J.D. vs MPP

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DreamyMatcha

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J.D. vs MPP

Postby DreamyMatcha » Mon Aug 08, 2016 8:14 pm

Hi all,

I am an undergrad majoring in Sociology and Political Science and minoring in Chinese. I am debating whether to go for a Master in Public Policy or JD in law school. I read a lot on this topic and everyone seems to be saying different things.

Background Info: I am generally most interested in areas of immigration, women's rights, human trafficking, and LGBT rights. I was pretty set on going to law school for either immigration law or international law (prob immigration seeing how competitive and broad international law is). Then I learned about a MPP, and got an interest in possibly becoming a policy/program analyst. I would like to work in something I am interested in that pays around $60,000-$80,000 per year. It seems that immigration law and certain policy analyst jobs provide that sort of $, but please correct me if I'm wrong.

Questions:
1. Many comments say that a J.D. will give you skills that an MPP wont, and vice versa. What are the specific skills one will gain by doing each degree that one couldn't obtain doing the other degree?

2. Which job do you believe has more influence on social issues? Which job has more opportunities? Which is more stable?

3. Are there certain personality traits or working styles that would be more suitable for one type of career than the other?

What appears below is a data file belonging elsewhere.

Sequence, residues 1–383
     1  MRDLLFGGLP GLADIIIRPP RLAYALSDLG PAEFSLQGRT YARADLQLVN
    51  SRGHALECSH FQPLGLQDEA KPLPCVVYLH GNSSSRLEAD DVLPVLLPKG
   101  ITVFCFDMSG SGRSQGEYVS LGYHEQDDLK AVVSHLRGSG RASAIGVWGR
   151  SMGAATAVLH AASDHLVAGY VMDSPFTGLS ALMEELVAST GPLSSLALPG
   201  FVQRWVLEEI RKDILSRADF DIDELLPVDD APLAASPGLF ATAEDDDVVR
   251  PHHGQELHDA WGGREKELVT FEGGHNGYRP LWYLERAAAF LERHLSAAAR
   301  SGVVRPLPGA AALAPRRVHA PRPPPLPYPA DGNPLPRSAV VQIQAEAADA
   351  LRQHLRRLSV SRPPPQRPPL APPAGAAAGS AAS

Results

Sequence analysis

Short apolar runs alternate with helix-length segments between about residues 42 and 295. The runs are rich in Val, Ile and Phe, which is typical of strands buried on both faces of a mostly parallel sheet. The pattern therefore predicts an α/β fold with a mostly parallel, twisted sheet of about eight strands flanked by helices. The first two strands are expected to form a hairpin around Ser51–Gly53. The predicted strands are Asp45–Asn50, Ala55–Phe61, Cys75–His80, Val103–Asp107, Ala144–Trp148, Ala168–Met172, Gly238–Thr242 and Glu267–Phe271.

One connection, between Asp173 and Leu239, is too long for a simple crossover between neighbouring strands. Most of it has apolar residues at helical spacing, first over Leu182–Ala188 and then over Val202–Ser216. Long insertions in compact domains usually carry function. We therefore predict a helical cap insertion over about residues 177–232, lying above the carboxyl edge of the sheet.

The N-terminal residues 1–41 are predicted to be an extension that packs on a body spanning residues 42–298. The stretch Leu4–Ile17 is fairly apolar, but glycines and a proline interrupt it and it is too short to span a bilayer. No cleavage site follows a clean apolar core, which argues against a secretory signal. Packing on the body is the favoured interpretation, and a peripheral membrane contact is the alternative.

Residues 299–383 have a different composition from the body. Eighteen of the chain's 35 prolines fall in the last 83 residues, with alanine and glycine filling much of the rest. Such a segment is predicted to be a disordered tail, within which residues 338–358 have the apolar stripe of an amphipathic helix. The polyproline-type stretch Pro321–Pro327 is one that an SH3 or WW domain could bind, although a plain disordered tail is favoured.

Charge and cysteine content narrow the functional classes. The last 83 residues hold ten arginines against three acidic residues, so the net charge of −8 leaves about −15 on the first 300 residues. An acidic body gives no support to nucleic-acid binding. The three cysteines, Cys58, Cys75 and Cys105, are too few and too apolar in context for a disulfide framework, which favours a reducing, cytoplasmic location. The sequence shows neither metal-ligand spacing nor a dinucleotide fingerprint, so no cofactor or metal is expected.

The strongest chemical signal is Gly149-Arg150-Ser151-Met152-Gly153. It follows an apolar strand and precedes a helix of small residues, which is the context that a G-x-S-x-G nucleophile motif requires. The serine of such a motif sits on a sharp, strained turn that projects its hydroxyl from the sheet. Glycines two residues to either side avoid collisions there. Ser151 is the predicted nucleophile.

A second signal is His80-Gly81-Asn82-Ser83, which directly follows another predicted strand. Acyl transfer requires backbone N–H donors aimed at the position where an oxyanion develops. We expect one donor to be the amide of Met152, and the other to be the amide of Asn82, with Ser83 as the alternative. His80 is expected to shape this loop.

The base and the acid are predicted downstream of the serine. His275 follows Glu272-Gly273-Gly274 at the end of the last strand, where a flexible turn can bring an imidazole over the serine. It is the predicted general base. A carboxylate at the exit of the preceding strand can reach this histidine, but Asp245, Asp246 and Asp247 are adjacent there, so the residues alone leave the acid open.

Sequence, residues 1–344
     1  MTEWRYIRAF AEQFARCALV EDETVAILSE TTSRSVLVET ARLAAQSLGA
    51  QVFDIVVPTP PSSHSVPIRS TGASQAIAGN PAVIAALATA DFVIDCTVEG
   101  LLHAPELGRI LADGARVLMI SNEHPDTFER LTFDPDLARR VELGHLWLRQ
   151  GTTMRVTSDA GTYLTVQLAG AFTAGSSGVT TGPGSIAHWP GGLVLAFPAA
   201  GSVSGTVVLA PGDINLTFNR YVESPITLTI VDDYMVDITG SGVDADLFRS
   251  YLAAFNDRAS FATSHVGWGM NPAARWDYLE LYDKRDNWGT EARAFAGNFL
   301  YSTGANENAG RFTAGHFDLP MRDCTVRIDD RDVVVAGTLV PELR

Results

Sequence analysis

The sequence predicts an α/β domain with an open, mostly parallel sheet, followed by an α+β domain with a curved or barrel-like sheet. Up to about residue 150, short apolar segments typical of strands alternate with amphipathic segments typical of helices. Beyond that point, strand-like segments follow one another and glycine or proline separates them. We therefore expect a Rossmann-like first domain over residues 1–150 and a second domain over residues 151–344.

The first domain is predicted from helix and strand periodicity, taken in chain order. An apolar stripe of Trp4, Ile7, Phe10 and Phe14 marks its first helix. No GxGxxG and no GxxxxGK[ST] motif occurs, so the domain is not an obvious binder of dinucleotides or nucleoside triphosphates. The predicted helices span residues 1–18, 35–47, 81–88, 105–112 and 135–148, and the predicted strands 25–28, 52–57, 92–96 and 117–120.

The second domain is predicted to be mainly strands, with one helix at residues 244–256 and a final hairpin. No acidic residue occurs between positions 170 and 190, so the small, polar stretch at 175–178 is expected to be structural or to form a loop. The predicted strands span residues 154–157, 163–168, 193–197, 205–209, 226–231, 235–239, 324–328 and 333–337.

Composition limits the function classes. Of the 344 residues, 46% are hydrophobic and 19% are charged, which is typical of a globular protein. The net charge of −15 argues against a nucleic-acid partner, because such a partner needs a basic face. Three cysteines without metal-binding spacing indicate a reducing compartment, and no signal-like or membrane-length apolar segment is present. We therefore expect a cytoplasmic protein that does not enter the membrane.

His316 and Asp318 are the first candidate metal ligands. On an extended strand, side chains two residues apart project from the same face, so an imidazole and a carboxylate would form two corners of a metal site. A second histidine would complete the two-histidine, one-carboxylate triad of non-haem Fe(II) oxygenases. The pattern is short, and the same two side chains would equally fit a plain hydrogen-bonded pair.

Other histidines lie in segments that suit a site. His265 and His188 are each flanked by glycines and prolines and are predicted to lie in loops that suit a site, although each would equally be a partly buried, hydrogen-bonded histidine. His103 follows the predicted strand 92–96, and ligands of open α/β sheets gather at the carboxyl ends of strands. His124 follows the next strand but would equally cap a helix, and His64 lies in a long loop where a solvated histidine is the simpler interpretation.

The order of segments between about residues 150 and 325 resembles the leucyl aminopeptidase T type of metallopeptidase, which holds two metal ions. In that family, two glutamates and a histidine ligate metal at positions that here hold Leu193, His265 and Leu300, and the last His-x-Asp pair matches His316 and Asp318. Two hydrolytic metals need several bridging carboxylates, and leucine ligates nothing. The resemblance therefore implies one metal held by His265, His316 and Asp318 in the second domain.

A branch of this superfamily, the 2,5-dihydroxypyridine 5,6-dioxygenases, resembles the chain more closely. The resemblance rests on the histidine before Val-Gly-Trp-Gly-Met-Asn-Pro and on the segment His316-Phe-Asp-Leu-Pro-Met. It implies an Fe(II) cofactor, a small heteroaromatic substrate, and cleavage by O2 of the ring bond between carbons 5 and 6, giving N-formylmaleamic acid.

4. How do the hours, work/life balance, and pay of a policy/program analyst compare with lawyers (especially immigration lawyers)?

Any insights would truly help. Thank you so much!

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twenty

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Re: J.D. vs MPP

Postby twenty » Tue Aug 09, 2016 1:41 pm

Through no fault of your own, I think you need to do more research and/or soul searching to figure out what exactly you want to do. The JD is a very expensive professional degree that allows you to sit for the bar. The MPP is a less expensive professional degree that increases your marketability to government and nonprofit employers. If you don't want to practice law, 9 times out of 10, you have no business going to law school. There are still times when it's worth going to law school despite no interest in practicing law, but as a current undergrad with what sounds like no other real marketable experience, that's not going to be you most likely.

There's a lot of nuance that the JD vs. MPP question doesn't answer - but in a general sense, if you don't see yourself wanting to practice law, the MPP is probably going to end up being the better way to go. The JD is going to at best be overkill.

What are the specific skills one will gain by doing each degree that one couldn't obtain doing the other degree?


The JD will give you the ability to practice law, the MPP won't. The JD curriculum is harder and longer, and will probably be more expensive (although law schools tend to give pretty nice scholarships depending on your LSAT/GPA).

2. Which job do you believe has more influence on social issues? Which job has more opportunities? Which is more stable?


There's definitely no way to answer this question. Immigration law ranges from highly competitive academic fellowships to crappy rural law offices in Southern California that advertise on bus benches. The objective of immigration law is very polarized too - on behalf of a federal employer (DOJ), you're trying to get people out of the country, whereas on behalf of a private individual, you're most likely trying to get them in. Stability varies hugely. Being a solo practitioner is very unstable. Working for a state government is extremely stable.

tl;dr, narrow down what you want to do a little better and get back to us.



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